A rancher in Bynum posted video to Facebook on Wednesday showing four grizzly bears; two of them were caught in traps, and two others were nearby.
The Skeltons said on their "Blackleaf Guardians" Facebook page:
Bear-y busy morning! #WillowKangal is busy with the bears!
We had a government trapper come out and set a trap on a sheep that was killed by a grizzly yesterday. He set 2. Well... this morning there was two caught bears and 2 hanging around!
The #GoldenGirls and #WillowKangal tagged into the bears while the rest stayed with their flock. Great teamwork, Girls!
Billie Skelton told KRTV that it appears the two trapped bears are a male and a female, and the other two are "older" cubs.
Billie said that snare traps were used, and they do not injure or hurt the trapped grizzlies.
She said the ewe that was killed on Tuesday appeared to have bite marks on its skull consistent with being attacked by a grizzly cub.
Billie said that her ranch has lost seven sheep to grizzly depradation this season, and that FWP credits the Skelton dogs for keeping that number so low. Without the dogs, Billie said, they likely would have lost dozens of sheep to the grizzly bears.
Billie posted the following comment on the video post: "All the bears were trapped and handled humanely! MT FWP trapped the bears with a slip around the paw and then were here asap to tranquilize and care for the bears."
The Skeltons said that the male grizzly will be released on the other side of the Continental Divide. The female has cubs around, so she will be released near the ranch away from the sheep, once she is collared and tattooed. Then she can find her cubs and be monitored through her collar.
The Skeltons also told KRTV: "We definitely want to emphasize that our dogs work hard, but the FWP have been a huge help when there's enough bears to overwhelm our dogs. They are very humane and a huge asset in assisting our ranch."
We have left messages with FWP to get more information, but have not yet heard back.
When we visited the Skeltons several months ago, Steve Skelton talked about his guardian dogs: “They’re all about their sheep and their job.”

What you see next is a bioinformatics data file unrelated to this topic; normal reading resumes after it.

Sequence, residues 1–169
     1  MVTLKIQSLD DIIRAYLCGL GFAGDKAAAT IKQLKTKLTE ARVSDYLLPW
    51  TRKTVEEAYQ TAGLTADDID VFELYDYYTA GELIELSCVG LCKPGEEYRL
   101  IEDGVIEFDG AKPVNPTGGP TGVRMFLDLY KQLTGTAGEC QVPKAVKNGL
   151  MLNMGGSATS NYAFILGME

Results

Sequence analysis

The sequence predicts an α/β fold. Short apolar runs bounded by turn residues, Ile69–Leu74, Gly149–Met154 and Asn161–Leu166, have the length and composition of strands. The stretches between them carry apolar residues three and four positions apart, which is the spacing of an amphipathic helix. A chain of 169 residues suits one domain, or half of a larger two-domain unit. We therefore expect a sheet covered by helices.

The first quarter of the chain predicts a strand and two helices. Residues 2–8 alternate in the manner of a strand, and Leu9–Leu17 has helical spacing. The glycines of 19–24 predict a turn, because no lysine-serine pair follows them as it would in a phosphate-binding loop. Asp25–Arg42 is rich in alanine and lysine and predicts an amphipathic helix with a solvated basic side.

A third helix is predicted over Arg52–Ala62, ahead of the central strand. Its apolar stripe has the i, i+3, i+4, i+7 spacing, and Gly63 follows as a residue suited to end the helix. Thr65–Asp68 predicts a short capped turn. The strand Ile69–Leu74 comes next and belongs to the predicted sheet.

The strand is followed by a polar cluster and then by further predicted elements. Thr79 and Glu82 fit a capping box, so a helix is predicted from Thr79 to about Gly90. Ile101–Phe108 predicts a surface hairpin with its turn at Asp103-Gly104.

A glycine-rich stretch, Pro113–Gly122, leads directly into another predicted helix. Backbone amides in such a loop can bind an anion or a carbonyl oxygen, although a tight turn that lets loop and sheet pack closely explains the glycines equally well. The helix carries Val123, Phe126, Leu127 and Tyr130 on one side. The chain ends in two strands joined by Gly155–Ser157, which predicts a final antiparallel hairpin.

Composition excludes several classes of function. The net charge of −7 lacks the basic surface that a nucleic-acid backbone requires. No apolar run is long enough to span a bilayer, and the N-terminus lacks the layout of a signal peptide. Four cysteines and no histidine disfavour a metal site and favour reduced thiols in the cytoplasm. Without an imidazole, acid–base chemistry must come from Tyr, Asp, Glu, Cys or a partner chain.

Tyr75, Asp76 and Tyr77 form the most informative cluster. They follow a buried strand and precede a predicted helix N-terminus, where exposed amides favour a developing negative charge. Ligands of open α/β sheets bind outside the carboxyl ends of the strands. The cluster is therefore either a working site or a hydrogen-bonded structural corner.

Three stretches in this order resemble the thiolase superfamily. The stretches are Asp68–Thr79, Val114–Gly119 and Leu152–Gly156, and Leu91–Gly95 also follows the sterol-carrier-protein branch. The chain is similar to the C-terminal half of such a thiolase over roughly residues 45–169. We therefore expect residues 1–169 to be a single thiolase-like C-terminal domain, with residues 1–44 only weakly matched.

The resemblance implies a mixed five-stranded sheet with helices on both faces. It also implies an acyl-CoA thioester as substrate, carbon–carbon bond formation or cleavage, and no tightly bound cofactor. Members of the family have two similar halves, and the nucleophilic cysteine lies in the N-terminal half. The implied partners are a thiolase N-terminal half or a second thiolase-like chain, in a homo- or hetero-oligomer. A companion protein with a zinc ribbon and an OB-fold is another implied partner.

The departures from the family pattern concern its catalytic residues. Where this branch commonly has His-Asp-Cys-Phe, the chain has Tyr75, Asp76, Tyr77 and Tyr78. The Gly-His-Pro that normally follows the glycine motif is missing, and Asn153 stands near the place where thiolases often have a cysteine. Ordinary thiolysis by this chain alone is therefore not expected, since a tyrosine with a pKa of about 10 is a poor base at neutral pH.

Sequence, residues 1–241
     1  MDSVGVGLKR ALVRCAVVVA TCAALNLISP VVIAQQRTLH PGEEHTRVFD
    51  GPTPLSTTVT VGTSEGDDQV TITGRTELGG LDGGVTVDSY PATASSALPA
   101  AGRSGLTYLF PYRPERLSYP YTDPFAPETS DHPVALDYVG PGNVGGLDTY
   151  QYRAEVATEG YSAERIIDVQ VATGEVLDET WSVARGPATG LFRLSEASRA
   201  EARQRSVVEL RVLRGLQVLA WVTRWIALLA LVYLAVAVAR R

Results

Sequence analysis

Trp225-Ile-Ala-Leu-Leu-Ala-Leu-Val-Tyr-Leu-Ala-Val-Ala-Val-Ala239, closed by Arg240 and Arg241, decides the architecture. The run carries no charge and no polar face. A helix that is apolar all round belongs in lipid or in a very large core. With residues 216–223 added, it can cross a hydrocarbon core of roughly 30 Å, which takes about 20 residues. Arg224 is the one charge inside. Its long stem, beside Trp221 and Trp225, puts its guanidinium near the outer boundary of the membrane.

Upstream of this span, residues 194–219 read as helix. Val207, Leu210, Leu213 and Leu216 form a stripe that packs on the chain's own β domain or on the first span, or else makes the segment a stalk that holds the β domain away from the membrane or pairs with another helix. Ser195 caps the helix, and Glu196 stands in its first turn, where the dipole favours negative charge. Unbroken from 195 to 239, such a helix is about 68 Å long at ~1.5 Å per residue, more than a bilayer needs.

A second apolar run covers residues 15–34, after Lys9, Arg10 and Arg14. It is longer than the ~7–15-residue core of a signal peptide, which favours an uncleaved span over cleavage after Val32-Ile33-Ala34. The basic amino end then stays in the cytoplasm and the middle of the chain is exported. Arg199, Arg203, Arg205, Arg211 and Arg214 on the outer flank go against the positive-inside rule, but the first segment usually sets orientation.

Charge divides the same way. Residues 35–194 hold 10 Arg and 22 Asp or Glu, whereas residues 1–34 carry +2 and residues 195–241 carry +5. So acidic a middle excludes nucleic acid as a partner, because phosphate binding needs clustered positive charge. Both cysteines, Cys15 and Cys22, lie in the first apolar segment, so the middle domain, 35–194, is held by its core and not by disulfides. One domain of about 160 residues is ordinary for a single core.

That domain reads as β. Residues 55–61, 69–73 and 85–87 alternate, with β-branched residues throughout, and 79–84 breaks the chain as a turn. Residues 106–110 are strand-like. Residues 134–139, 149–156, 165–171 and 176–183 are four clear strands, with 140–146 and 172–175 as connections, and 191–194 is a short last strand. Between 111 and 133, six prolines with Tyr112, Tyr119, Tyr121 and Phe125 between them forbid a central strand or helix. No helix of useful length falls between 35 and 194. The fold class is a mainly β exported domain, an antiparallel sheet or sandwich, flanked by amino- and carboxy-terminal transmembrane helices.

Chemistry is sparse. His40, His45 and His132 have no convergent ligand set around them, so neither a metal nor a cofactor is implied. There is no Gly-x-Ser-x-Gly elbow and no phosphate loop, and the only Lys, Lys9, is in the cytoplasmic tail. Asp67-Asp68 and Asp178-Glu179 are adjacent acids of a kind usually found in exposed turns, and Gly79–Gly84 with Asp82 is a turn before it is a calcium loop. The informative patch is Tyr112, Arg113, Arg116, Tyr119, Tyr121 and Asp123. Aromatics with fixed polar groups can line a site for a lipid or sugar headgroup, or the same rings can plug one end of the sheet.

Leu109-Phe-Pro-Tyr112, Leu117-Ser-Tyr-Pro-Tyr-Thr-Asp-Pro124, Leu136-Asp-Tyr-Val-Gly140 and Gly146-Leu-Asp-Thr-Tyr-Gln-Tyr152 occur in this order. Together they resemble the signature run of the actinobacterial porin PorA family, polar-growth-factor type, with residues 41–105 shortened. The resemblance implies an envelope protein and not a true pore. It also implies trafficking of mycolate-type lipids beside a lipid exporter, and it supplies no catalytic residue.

“Their idea is not to kill, maim, or rip up predators, their idea is to make it hard for a predator to want a meal out of my sheep,” said Skelton. “The bear is just going to walk on and say this is too hard of a meal to buy, I’m going to go somewhere else.”
Skelton said livestock guardian dogs are their only protection when it comes to living right off the Rocky Mountain Front. “We have no alternatives, I can’t come out here with a can of bear spray and make grizzly bears go away from my flock,” said Skelton.
But the dogs don’t mind it—they were bred for this work and the cold weather. “One day we had to understand that these dogs, a lot of the pedigrees on them are over a thousand years old and it’s just what they do. They come in for their loves, they like it, but normally when you come out to see the sheep, they don’t even pay attention to you. They’re all about their sheep and their job,” said Skelton.
They also have an extra layer of protection. “We have to put spike collars on them so they are protected; if they take a bite from a wolf or a bear, they always go for the neck and it can kill them,” said Skelton. “This way it’s their armor, its body armor for them.”
While he says they’re still learning, they plan to help other ranchers out.
“We are going to raise these dogs and try to pass them on to other ranchers and people that need them,” said Skelton.